The managers: "One guy got fired. . . . he was always yelling and screaming at everybody, chain-smoking, two heart attacks, a total dick. Also, he ordered these really crappy teddy bears from Indonesia, and they'd sell them for like $300. He ordered hundreds of them, so the store was littered with teddy bears.

"There was also this young kid. He had one of those just-got-out-of-the-Army mustaches, and wore incredibly tight Wranglers and chewed tobacco. He was a pretty decent manager. Then the second-in-command manager was this huge bodybuilder guy, older, divorced, with a big giant mustache. Carried a .45 with him at all times."

XYY: "We only had two religious zealots there, but they were pretty drastic. The first one was XYY. People would tell me their whole life story, and this guy starts telling me he's got this violent temper and anything can make him mad. Once he goes crazy, there's no stopping him . . .

"So it turns out he's got an extra male chromosome, so he's extra aggressive. He was also an extreme Catholic; he took his religion very seriously, and he'd talk about Catholicism on and on and on.

"I mean, nobody there believed in God. It was like, 'If there was a God, I wouldn't be here.' One time, I got a little nervous, we were riding on the same lift and he starts talking about sex. I hate getting into sex conversations with anybody, but they all want to tell you, anyway.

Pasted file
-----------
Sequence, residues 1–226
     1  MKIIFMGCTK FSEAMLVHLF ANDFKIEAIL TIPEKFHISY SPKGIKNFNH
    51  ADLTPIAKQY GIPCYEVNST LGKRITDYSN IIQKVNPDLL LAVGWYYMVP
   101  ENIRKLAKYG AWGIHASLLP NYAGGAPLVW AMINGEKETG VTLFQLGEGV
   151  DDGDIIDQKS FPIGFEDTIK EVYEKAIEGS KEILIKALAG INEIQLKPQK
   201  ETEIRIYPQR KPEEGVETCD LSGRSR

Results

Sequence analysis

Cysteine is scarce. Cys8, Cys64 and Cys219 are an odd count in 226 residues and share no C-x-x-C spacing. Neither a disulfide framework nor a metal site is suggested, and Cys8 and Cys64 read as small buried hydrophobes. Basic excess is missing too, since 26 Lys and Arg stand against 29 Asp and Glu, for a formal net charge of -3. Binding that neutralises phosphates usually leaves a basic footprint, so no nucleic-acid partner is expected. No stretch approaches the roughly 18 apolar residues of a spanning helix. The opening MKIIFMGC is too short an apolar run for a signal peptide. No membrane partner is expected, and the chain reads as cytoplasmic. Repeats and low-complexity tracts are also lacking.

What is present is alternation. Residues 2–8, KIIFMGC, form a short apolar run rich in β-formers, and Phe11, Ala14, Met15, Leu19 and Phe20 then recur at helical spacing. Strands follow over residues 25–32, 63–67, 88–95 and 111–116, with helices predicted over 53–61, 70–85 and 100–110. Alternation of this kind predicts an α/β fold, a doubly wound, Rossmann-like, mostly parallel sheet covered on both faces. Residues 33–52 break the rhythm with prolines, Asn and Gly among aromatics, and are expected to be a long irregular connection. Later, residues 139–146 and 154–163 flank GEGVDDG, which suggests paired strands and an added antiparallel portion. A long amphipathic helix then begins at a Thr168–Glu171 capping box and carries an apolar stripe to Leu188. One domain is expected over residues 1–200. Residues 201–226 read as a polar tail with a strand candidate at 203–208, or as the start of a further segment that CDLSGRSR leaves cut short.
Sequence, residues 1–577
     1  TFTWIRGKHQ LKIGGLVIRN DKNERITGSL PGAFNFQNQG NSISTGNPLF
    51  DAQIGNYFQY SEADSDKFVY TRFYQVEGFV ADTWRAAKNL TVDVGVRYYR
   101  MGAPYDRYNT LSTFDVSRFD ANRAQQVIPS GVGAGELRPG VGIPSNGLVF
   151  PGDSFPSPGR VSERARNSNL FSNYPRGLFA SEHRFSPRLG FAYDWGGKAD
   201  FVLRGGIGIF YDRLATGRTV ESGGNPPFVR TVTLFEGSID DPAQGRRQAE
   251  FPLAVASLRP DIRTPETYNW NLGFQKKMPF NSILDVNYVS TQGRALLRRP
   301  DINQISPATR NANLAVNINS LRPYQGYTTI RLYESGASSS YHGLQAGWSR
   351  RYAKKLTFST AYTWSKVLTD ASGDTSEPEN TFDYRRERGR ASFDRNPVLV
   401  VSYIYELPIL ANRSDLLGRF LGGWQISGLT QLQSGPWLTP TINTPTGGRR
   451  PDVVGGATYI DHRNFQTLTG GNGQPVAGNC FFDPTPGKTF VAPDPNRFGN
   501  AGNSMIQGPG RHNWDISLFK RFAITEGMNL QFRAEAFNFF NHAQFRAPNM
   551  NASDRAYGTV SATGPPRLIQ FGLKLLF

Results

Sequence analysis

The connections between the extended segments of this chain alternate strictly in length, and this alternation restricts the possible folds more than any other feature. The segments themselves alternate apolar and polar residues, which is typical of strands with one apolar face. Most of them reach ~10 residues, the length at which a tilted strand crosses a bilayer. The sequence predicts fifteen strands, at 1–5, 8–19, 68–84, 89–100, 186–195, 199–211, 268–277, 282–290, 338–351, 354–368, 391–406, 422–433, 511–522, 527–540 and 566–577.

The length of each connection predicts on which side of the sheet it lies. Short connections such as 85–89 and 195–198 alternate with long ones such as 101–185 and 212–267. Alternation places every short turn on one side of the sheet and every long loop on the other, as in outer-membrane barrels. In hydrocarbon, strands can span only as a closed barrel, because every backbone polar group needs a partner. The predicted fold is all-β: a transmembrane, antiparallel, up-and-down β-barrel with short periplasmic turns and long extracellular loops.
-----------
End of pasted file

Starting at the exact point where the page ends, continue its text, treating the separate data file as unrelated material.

"He starts talking about oral sex, and how that's okay, intercourse is the only sin. You can do anything else. I'm like, 'Who in the hell told you that?'

"'My priest.'
"'You must really have some screwed-up priest.' He started shaking, he was getting really pissed. I said, 'As far as I know, it's all bad. Especially if you're Catholic.' Eventually, he got into a fight and got fired."

The Karate Kid: "After XYY, this Mormon kid came on, he was a karate buff; you'd always see him on his break, doing his moves, but he was completely uncoordinated, and it was completely sad.

"He almost got himself killed in the trash compactor one time. He kept jumping in and doing this karate kick to smash the trash in, and he jumps in and gets his foot stuck. He tried to get out, and he grabbed the bay door and ended up just pulling it shut on himself. But he did manage to get himself free before he died. He ended up quitting because the language was too offensive for him."  

So, those are the men of the warehouse.

In between humping all those luxury items around, these foot soldiers in the furniture-and-appliance-sales army found time to, well, do things to each other. I ask Dirk if he would qualify it as violence.

"I guess so," he says thoughtfully. "Basically, it was a lot of male-driven crap. Not really violence, but stuff you'd think 10-year-olds would do. You know, 'I can kick your ass; I can pick you up; I can throw a rock; whatever.'"

Male-driven crap: "I was unloading a truck with two guys, and they were talking. Someone had called and said a semi was going to get there in one or two days from North Carolina. I said, 'That's impossible. No way.' One guy said, 'That's totally possible.' I egged it on for a bit and backed off, shut up and let them go at each other.

"They were getting very serious. One guy said a semi can go 200 miles an hour, then the other guy said, 'No, they don't do over 60.' Then it becomes a major issue; they were getting furious. One guy says, 'Shut up.' The other guy says, 'Make me.' And it was all over at that point; they jump off the dock and go at it.